A College Student's TikTok Story About Greek Life Has Gone Viral, But She Says It's "Just The Tip Of The Iceberg"
"I speak from a huge place of privilege ... and if I was targeted and victimized in this way, that is just the tip of the iceberg for other queer women, or for women of color."
A 21-year-old Florida State University student has gone viral on TikTok for sharing what she said is her story about being pushed out of a sorority.
JJ Jordan told BuzzFeed News she hopes this "opens up a much bigger conversation" about "systems of oppression." She's also shedding light on other toxic values of Greek life she said she observed.
Earlier this month, Jordan shared on TikTok an incident that she said happened in March 2018 when she was still a member of Kappa Delta. During a "standards" meeting, which was a peer-run review board, she said she was reported by a sorority sister for allegedly being seen "passed out nude in the middle of a frat house."
Jordan denies this ever happened. In 2018 during this meeting, she said she was not believed, and eventually put on probation by the Kappa Delta's national chapter.
"I was never asked if I was hurt or victimized," she says in her TikTok, which has now been watched more than 3.7 million times.
Instead, she said she was told that they had to "have a good relationship with this fraternity [and] we have to be aware with how we’re presenting with this fraternity."
"As I began to explain myself out of it, I realized I shouldn’t have to," Jordan added. "I realized it was very concerning that no one was saying, 'Are you OK?' No matter how much truth or falsity there was to the statement ... no one asked the older sister, 'Why would you leave anyone in a fraternity house alone?' That really became an issue with me. I really was not OK with that."
Kappa Delta's national headquarters told BuzzFeed News they had reached out to Jordan about her TikTok and conducted "an internal review of the incident."
"Based on the information we had readily available, we determined that our chapter adhered closely to the established Standards process, which is similar to the protocol followed by many other National Panhellenic Conference sororities," said Heidi Roy, the director of communications for Kappa Delta.
"Even so, we will be providing additional education on our processes for the current chapter leaders and advisors," Roy added.
Jordan soon left Kappa Delta. She said she had stayed quiet about it until recently, when she watched different national conversations about systemic oppression branch out of the Black Lives Matter movement. She decided to speak out.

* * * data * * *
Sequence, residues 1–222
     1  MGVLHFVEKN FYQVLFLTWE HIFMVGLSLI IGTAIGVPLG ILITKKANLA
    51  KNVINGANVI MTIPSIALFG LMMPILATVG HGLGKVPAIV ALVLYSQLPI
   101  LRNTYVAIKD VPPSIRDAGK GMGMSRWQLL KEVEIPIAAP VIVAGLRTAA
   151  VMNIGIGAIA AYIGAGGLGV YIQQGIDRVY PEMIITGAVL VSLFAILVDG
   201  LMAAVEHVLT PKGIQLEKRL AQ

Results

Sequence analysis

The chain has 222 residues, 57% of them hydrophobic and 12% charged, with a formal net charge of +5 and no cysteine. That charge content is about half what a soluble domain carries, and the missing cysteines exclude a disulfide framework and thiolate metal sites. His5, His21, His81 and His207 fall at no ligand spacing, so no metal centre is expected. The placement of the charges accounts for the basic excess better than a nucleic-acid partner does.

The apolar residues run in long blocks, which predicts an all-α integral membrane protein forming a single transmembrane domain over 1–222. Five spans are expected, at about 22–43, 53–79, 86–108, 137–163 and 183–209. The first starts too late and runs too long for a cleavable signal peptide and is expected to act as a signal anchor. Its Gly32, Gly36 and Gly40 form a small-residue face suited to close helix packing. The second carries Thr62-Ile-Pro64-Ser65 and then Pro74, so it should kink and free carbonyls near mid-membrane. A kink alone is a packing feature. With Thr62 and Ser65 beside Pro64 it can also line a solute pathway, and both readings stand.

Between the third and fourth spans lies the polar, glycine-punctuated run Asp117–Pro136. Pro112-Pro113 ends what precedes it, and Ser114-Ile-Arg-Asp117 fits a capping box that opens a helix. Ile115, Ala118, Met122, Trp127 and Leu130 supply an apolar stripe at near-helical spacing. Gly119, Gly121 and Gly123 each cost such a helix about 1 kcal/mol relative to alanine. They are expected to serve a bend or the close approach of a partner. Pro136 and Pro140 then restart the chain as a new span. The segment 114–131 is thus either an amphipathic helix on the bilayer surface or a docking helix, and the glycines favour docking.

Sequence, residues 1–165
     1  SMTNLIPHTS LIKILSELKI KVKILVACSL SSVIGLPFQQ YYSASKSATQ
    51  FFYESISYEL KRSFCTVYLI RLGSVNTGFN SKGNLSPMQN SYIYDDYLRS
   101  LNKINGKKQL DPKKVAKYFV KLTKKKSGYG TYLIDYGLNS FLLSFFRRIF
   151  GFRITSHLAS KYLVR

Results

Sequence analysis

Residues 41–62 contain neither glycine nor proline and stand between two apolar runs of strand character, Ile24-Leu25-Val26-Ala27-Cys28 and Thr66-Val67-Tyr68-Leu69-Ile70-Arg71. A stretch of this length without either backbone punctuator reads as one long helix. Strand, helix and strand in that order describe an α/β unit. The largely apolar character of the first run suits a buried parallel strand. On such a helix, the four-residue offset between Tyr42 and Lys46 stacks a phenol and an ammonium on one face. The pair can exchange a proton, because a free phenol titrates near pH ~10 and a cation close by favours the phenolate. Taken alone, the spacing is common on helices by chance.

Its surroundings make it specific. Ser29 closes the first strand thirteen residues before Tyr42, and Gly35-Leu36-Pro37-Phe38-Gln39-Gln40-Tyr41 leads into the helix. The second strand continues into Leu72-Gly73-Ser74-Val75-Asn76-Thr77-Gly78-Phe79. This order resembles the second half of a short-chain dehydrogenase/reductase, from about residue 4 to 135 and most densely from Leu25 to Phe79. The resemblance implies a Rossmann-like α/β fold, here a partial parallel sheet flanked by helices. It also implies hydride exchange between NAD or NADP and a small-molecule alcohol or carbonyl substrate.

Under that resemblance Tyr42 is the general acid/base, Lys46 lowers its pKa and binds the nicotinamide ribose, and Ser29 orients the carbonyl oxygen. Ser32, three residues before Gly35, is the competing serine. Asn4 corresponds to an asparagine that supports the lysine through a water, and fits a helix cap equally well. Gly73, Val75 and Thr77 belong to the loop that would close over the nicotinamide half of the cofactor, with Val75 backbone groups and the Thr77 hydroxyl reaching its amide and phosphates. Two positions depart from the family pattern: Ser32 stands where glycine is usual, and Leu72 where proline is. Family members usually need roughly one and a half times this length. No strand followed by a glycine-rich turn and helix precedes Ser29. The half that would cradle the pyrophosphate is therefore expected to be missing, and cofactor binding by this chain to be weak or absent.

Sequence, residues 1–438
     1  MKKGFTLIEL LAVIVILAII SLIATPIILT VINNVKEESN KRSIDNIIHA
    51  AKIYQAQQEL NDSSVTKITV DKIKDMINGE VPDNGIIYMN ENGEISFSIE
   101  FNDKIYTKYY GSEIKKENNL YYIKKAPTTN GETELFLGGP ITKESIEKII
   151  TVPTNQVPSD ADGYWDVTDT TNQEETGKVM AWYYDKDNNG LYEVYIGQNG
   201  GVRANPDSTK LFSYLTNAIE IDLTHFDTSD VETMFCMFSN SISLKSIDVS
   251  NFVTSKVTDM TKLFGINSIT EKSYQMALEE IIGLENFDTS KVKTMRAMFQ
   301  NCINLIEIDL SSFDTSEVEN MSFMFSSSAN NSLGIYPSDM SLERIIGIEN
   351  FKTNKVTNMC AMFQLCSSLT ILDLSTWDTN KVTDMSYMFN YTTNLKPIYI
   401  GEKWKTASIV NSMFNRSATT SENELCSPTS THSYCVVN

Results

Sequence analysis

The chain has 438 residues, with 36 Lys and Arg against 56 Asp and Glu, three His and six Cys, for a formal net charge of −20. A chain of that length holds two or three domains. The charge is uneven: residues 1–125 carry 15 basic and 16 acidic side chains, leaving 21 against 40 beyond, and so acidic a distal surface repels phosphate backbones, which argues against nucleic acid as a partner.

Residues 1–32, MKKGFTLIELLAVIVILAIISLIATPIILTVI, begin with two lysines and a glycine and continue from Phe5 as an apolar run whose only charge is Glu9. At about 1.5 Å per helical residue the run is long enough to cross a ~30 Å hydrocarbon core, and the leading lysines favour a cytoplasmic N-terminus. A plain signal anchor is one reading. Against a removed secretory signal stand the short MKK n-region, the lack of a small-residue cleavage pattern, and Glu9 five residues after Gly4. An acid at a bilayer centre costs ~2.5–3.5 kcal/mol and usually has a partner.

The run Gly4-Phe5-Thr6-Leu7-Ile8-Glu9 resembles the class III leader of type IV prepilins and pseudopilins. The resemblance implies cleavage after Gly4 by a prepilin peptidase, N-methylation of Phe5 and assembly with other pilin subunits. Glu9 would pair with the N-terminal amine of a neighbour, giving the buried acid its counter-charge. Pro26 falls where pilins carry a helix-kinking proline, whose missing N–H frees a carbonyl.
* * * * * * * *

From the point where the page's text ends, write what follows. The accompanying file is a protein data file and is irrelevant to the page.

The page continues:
"Sororities and fraternities are a huge system of oppression. It perpetuates elitism and classism and systemic racism. I think that it became time to start dismantling that system as well," she said.
Jordan recognizes she is speaking from a "huge place of privilege."
"I grew up in a financially stable white family with both parents," she said. "And if I was targeted and victimized in this way, that is just the tip of the iceberg for other queer women, or for women of color."
She's also addressed in a separate TikTok a few critical comments she's received from people saying that "Greek life isn't the thing to be standing up for."
"I hope this opens up a much bigger conversation, especially in listening to Black and Latinx women who’ve gone through the sorority process. The amount that intersectionality plays in a system like a sorority is so huge," she said.
Jordan said she was "nervous" to speak out because she "didn't want to take away from the Black Lives Matter movement."
"But I didn't consider the intersectionality. The bigger conversation of the Black Lives Matter movement is we need to dismantle systems of oppression in classism and integrated racism," she said. "When we talk about dismantling systems that perpetuate these things, sororities and fraternities fit the bill. It has to be a part of the conversation."
When asked what role, if any, that Kappa Delta sees itself playing in these oppressive social institutions, Roy provided the following statement on behalf of the national chapter:
"We recognize that sororities and college campuses across the country have continued work to do to foster an environment where students feel safe and are treated with respect. As an organization designed to empower women and build their confidence, we take seriously our role in ensuring this kind of culture exists in each chapter. We strive for all members to feel accepted, supported and protected by their sisters."